On the Knesset Beat: A Conversation with the Jerusalem Post’s Lahav Harkov

Lahav Harkov and Neil Rogachevsky at the Straus Center/Stern College Honors Event

On Wednesday, Sep. 14, 2022, the Zahava and Moshael Straus Center for Torah and Western Thought and S. Daniel Abraham Honors Program hosted Lahav Harkov in conversation with Straus Center Associate Director Dr. Neil Rogachevsky. Harkov, the senior contributing editor and diplomatic correspondent of the Jerusalem Post, has had a front-row seat to Israeli politics, serving as a Knesset reporter for eight years and reporting on numerous monumental political events.

Dr. Rogachevsky opened with some current news, the United Arab Emirates foreign minister’s first official visit to Israel, which marked the two-year anniversary of the Abraham Accords. Harkov was on the first official flight from Israel to the UAE, together with members of Trump’s staff, including Jared Kushner and senior Israeli officials who came to work out the logistics of bringing the two countries together. As a journalist, Harkov was given a tour of the country to see what it had to offer, including museum tours and kosher meals. Harkov expressed optimism for the Abraham Accords, given Middle Eastern countries’ common threat of Iran becoming a nuclear power. Additionally, she noted that the Arab countries appreciate and relate to Israel’s rootedness and history with their land.

Harkov then addressed the Iran Deal. “In Israel, among government officials and defense officials, there’s a near consensus opposing the Iran Deal. When you hear about differences of opinion, there’s like two people,” she said. “Because they’re different and interesting, you hear a lot more about them in the media that is not so reflective of the proportions.”

Dr. Rogachevsky then shifted the conversation to Harkov’s life and career. She grew up in New Jersey and made aliyah in high school. She loved Israel and journalism at a young age. Her mother was Israeli and many people in her mother’s family were journalists. She became passionate about the intersection between Israel and journalism during the Second Intifada when she witnessed the unfair treatment of Israel in American media. “I just said I want to be someone who’s going to be there and tell that story and tell it in a way that’s fair and accurate,” she said.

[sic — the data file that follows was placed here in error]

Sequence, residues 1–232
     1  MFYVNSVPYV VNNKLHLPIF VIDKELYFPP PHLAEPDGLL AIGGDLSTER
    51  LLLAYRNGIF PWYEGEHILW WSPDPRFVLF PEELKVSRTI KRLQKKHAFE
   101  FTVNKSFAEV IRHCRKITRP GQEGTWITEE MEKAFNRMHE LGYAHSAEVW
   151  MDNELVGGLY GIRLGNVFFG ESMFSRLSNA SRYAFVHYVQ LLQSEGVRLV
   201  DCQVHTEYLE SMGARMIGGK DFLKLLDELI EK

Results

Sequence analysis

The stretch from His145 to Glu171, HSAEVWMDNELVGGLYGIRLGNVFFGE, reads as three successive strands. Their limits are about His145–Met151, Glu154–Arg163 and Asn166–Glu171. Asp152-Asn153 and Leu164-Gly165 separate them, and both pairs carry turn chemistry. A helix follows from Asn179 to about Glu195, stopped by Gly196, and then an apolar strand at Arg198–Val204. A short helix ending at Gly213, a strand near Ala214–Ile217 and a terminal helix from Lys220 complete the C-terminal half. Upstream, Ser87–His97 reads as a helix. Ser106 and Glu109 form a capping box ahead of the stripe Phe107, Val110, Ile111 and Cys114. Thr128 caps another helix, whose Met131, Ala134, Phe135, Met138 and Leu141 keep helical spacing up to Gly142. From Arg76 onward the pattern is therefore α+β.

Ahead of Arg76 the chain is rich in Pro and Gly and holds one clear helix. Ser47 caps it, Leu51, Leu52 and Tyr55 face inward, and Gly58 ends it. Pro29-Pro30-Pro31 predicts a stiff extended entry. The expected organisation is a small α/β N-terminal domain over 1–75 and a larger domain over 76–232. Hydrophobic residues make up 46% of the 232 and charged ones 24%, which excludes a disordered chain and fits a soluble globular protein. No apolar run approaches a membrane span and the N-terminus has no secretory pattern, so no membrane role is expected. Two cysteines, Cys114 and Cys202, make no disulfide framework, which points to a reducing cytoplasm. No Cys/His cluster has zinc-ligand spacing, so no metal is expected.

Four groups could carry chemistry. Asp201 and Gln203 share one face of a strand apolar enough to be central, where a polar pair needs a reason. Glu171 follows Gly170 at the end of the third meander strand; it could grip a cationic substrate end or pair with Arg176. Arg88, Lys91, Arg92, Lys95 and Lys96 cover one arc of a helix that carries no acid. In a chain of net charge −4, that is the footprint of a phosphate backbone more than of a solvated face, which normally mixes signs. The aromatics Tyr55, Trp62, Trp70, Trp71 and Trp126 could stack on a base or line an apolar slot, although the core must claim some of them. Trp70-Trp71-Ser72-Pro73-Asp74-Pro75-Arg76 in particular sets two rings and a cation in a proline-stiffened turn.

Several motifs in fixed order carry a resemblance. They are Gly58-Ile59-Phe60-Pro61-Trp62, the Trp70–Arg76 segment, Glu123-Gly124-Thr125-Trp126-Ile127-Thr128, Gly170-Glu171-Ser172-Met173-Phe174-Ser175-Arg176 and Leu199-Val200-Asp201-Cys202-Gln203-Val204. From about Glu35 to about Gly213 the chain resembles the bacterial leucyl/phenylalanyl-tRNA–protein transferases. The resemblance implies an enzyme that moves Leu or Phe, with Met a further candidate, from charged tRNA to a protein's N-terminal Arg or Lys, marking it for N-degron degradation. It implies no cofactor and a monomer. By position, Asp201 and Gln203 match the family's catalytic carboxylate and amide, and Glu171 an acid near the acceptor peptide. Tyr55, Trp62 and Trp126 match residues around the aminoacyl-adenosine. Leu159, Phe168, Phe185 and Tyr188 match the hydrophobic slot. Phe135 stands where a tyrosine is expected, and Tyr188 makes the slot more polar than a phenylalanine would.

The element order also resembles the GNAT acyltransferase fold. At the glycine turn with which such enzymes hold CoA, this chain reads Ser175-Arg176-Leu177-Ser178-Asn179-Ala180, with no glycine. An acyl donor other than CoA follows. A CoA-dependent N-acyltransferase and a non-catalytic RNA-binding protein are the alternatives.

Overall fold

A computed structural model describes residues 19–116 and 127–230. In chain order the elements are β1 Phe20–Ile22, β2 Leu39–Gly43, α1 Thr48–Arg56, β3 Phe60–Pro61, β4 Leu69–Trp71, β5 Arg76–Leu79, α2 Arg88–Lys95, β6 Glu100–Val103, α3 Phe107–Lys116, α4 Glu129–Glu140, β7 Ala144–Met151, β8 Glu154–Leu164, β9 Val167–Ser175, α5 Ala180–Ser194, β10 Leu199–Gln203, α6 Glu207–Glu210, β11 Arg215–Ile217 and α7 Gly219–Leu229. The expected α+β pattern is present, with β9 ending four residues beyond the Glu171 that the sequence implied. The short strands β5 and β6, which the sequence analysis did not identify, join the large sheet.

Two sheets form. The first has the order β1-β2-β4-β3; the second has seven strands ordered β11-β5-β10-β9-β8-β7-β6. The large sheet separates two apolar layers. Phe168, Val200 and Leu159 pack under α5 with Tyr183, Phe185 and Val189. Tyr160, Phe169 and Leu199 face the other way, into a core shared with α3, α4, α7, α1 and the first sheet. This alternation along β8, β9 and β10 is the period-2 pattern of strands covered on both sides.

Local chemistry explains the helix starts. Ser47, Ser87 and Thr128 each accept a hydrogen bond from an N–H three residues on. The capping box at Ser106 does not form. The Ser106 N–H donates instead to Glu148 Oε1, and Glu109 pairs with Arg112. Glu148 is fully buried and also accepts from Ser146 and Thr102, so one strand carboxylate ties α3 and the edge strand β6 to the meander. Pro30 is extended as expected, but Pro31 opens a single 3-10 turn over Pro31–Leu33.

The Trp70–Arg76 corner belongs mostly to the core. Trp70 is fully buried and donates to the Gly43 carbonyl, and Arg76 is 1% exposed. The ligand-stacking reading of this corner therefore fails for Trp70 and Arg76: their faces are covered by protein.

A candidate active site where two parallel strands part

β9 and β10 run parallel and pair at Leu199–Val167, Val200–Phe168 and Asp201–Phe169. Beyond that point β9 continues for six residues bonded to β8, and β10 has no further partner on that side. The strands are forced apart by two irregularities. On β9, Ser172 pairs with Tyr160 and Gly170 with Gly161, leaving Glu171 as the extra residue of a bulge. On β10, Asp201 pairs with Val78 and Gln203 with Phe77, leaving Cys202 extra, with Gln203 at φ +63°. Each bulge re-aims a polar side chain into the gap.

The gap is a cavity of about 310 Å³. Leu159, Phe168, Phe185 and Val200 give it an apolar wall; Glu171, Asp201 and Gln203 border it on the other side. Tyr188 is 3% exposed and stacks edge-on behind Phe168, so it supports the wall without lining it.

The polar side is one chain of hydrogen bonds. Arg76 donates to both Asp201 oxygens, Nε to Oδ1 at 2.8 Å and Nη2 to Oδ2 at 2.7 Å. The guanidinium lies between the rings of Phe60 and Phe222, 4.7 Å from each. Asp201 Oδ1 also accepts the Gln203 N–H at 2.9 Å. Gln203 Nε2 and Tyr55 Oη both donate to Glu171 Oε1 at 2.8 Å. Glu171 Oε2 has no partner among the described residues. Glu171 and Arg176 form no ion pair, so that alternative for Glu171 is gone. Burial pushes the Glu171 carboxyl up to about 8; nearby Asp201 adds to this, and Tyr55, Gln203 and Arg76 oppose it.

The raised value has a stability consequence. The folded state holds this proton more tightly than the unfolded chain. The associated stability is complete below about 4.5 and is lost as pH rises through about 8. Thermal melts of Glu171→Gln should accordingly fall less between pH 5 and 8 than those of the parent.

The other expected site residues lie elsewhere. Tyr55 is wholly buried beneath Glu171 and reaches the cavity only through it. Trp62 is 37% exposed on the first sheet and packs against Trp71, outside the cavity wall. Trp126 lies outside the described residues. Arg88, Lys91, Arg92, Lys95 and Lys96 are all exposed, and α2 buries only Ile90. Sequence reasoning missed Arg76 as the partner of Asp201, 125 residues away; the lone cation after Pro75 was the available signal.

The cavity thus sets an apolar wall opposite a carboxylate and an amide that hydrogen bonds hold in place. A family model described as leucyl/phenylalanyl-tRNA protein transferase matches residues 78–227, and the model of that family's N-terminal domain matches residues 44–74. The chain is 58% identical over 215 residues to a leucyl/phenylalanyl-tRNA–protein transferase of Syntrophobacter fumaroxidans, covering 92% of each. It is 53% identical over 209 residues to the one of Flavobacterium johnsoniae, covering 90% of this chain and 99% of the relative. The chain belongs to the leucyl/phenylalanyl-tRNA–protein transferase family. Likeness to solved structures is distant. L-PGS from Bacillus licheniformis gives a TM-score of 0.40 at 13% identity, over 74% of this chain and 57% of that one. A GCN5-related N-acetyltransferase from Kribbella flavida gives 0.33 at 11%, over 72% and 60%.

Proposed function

Harkov began working for the Jerusalem Post during college. She was promoted to the Knesset beat when the former reporter left following maternity leave. “The good thing about Israel is that people are so informal. […] You could just go up to Bibi in the hallway and ask him a question,” Harkov said, reflecting on her time reporting in the Knesset. However, her American manners served her well. “I think that when you are a polite and respectful person in Israel, it stands out, and people appreciate it.”

Asked about advice for students in today’s fast-changing media landscape, Harkov emphasized the importance of the diversity of options in reporting that are now available. Particularly for people who don’t have a platform like she does, it’s great to be able to use podcasts or Substack to get your voice out there. She started using Twitter early in her career and today has over 106,000 followers.

After a student question and answer session, Dr. Rogachevsky closed off by asking how the original chalutzim would view Israel today. “I’m very optimistic about Israel,” Harkov said. “I think we’re more than a little bit lost these last few years politically, and that’s unfortunate, but I don’t think it means our democracy is in danger. I think it means it needs some renovations to our system.”

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